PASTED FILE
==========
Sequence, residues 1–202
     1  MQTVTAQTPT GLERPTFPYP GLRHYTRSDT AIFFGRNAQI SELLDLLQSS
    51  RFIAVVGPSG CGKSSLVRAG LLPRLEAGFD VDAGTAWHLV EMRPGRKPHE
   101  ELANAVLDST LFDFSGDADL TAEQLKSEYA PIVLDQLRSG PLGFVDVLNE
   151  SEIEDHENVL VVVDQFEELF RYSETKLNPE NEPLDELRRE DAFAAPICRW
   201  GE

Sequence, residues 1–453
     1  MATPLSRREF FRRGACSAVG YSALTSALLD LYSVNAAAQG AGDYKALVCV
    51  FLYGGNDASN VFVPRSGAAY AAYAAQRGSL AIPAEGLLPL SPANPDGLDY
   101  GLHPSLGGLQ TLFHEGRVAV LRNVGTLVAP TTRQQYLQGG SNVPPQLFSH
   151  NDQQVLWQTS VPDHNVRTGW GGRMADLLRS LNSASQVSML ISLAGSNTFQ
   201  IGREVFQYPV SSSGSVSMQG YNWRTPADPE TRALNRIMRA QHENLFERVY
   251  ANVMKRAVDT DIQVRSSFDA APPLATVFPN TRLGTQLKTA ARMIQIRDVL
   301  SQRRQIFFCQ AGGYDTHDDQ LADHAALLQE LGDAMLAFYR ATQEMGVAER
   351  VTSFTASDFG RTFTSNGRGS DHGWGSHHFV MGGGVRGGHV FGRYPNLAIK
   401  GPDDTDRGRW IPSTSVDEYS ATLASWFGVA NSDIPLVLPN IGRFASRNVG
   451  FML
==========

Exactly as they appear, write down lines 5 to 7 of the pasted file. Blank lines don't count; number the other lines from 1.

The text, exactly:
   151  SEIEDHENVL VVVDQFEELF RYSETKLNPE NEPLDELRRE DAFAAPICRW
   201  GE

Sequence, residues 1–453